Antonio P. Pueyo
18th Sunday in Ordinary Time (A)
July 31, 2005
Reproduced with Permission

I have just read an article in yesterday's nation-wide paper about a certain practice called "pagpag". It is a verb that describes the act of dusting off dirt. One does this action with one's jacket after a dusty journey or with one's shoes before entering the house. Also, one does this with food, such as a piece of bread, when it accidentally slips your hand and you rescue it from the floor. You can still eat it, just dust it off or "pagpag" it.

In this newspaper story, a group of people makes a living by recycling garbage. They gather the thrown away plastic, papers, and whatever they can find, including food, that could still be recycled. They sell the papers and plastics to the factories and the recovered food items, usually half-eaten meat, to some stall-owners who cook them again and sell them to the customers. This dish is "pagpag". The verb has become a noun. Some clients know they are eating "pagpag" but they reason out that it is cheap, delicious, and have not made them ill yet.

One reading this might not believe that such unsanitary practice takes place. But it does. Hunger in the cities is such that some people make do with recycled garbage for food. Those in the countryside have their own way of dealing with hunger. In some tropical countries, one can dig for wild potatoes or yam. One may also get fruits from the coconut tree or banana plants. In my country, during extreme famines some people resort to eating a dangerous potato-like tuber called "kayos". These are poisonous and can kill if improperly prepared. People avoid eating it when there are alternative sources of food.

Hunger still stalks our cities and our countryside at a time when we have the resources and the technology to produce enough food. Many people around the world are hungry for material food. They also hunger for security, peace, attention, and care. They are hungry for the basic necessities of life -- shelter, clothing, medical care, and education. We will not go into statistics. It is enough to open our eyes and look around us or open our tv sets to see the appalling hunger in many parts of the globe.

In our Gospel this Sunday, Jesus took it upon Himself to feed the hungry five thousand. In a gesture that reminds us of the Holy Eucharist, he took the bread and the fishes, raised his eyes to heaven, pronounced the blessing, broke the loaves and handed them to the disciples to distribute to the people (Mt. 14:19). Satisfying the hungry is one of God's activities. The Lord extends his invitation in the first reading, "You who are thirsty, come to the waterÉcome receive grain and eat" (Is. 55:1). God fed Israel with manna in the desert. In the Gospel, God in and through Jesus fed the hungry. God cares for his people's needs. God wishes to continue feeding his people.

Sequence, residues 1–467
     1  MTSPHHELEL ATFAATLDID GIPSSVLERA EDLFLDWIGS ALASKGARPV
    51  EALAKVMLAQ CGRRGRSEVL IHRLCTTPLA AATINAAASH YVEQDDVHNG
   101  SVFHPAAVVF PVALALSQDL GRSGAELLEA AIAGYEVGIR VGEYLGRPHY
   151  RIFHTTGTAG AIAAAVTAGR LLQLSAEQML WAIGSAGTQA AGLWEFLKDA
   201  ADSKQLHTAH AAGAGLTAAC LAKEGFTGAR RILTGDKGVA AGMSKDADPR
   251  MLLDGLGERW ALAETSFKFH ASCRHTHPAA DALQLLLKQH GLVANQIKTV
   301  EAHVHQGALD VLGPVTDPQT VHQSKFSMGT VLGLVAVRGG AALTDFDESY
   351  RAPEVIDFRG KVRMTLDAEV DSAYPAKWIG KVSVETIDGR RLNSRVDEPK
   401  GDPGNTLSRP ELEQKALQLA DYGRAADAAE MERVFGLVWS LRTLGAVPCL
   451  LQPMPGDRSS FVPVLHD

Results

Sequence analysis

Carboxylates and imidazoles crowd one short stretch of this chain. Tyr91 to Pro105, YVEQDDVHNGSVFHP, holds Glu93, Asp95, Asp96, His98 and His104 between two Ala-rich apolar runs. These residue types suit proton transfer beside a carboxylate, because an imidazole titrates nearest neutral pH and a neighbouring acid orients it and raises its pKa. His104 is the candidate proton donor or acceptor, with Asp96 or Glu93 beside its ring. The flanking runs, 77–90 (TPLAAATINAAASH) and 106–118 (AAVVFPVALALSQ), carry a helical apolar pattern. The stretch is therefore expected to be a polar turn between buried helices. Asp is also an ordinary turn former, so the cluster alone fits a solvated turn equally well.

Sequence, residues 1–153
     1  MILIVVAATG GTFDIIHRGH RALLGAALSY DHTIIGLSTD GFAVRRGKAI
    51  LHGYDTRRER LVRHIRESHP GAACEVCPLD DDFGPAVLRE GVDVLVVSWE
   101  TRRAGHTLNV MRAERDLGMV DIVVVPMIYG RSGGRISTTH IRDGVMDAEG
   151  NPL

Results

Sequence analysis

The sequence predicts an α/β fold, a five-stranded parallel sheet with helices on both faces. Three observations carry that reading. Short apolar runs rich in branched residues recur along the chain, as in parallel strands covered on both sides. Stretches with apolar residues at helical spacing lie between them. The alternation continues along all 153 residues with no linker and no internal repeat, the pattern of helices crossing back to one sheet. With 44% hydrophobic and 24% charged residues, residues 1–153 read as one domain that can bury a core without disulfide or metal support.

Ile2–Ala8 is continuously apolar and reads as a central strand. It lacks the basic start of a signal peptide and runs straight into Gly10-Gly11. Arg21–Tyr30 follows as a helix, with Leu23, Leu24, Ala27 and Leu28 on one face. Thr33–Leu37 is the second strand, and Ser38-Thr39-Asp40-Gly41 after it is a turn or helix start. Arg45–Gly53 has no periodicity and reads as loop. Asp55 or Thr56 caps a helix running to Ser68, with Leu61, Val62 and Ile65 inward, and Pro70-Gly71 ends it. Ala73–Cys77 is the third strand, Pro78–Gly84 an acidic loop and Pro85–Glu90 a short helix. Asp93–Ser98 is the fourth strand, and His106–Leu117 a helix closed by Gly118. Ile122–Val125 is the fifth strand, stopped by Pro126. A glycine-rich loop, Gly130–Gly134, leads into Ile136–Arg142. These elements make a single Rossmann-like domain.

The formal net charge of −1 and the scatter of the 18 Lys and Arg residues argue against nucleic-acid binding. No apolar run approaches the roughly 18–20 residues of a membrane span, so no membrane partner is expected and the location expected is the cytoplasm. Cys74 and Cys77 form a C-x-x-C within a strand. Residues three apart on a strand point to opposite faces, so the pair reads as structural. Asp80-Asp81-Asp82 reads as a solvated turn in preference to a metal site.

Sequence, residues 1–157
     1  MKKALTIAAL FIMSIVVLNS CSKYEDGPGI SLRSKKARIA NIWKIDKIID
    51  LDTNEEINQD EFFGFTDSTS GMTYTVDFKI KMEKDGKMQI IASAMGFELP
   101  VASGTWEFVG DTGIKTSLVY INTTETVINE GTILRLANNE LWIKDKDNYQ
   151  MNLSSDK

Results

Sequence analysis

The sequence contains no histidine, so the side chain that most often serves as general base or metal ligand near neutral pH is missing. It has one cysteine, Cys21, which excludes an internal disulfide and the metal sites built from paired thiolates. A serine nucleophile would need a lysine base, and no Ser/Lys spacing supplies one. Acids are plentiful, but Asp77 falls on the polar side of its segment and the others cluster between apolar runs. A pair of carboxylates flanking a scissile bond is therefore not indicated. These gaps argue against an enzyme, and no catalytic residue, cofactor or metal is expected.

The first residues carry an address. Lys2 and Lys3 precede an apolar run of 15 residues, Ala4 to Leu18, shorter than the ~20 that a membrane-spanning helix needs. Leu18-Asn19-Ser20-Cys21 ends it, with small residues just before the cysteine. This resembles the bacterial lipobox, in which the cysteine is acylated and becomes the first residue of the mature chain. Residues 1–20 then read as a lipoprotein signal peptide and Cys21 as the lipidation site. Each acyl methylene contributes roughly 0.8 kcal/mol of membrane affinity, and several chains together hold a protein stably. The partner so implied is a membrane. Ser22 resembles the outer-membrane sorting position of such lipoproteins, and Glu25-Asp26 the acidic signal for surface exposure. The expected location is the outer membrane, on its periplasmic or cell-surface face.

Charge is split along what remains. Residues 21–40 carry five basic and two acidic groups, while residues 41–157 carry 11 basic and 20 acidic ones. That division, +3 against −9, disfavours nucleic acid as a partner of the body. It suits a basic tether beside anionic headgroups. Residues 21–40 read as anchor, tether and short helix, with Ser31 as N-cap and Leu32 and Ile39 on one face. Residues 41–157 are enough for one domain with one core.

Who can perform the miracle of the bread today? We do not have the extraordinary power of multiplying bread to feed five thousand people We do have the power to multiply our efforts so that the hungry will be fed. We have the power to use technology to increase the food supply. We have the power to create roads so that farmers can sell their products. We have the power to ensure fair market practices so that the farmer-producers, the vendors, and the consummers go home satisfied. We have the power to make land available for food production. We have the power to distribute wealth more equitably.

Doing Jesus' work of feeding the hungry is not just in the personal or face to face manner of giving food. Feeding the hungry today also means advocating policies that would facilitate food production, easier marketing of products, distribution of land resources, and developing appropriate technologies. And because as the U.N. admits, war is the main reason for hunger, feeding the hungry also means advocating for peace.

We pray that the day will come when no one will eat "pagpag" or "kayos" just to survive.

Action starter: Designate a meal during the week (Friday is good) when you decide to eat less. Give the savings to a project that helps the poor.